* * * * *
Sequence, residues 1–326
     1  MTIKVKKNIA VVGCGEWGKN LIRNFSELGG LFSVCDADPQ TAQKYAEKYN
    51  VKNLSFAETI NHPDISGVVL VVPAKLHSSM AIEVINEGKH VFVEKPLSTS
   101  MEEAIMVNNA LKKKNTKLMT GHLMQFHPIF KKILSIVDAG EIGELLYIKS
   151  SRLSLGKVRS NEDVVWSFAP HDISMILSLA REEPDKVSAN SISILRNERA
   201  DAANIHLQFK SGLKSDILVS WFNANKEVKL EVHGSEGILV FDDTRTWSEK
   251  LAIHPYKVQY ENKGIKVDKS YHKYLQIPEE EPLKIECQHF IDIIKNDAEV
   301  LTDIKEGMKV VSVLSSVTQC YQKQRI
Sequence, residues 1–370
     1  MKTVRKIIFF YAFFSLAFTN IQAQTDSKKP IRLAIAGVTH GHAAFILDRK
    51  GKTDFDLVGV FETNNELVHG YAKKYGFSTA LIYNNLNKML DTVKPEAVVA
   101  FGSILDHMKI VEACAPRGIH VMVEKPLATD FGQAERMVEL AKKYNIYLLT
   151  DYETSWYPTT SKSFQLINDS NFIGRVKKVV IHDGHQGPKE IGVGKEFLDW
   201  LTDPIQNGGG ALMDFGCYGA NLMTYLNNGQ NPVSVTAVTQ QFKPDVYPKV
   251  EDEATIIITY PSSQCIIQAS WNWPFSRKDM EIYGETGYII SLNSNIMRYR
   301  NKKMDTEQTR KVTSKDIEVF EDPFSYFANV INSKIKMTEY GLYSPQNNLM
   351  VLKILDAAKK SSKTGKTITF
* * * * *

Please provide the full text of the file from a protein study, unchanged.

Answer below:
Sequence, residues 1–326
     1  MTIKVKKNIA VVGCGEWGKN LIRNFSELGG LFSVCDADPQ TAQKYAEKYN
    51  VKNLSFAETI NHPDISGVVL VVPAKLHSSM AIEVINEGKH VFVEKPLSTS
   101  MEEAIMVNNA LKKKNTKLMT GHLMQFHPIF KKILSIVDAG EIGELLYIKS
   151  SRLSLGKVRS NEDVVWSFAP HDISMILSLA REEPDKVSAN SISILRNERA
   201  DAANIHLQFK SGLKSDILVS WFNANKEVKL EVHGSEGILV FDDTRTWSEK
   251  LAIHPYKVQY ENKGIKVDKS YHKYLQIPEE EPLKIECQHF IDIIKNDAEV
   301  LTDIKEGMKV VSVLSSVTQC YQKQRI
Sequence, residues 1–370
     1  MKTVRKIIFF YAFFSLAFTN IQAQTDSKKP IRLAIAGVTH GHAAFILDRK
    51  GKTDFDLVGV FETNNELVHG YAKKYGFSTA LIYNNLNKML DTVKPEAVVA
   101  FGSILDHMKI VEACAPRGIH VMVEKPLATD FGQAERMVEL AKKYNIYLLT
   151  DYETSWYPTT SKSFQLINDS NFIGRVKKVV IHDGHQGPKE IGVGKEFLDW
   201  LTDPIQNGGG ALMDFGCYGA NLMTYLNNGQ NPVSVTAVTQ QFKPDVYPKV
   251  EDEATIIITY PSSQCIIQAS WNWPFSRKDM EIYGETGYII SLNSNIMRYR
   301  NKKMDTEQTR KVTSKDIEVF EDPFSYFANV INSKIKMTEY GLYSPQNNLM
   351  VLKILDAAKK SSKTGKTITF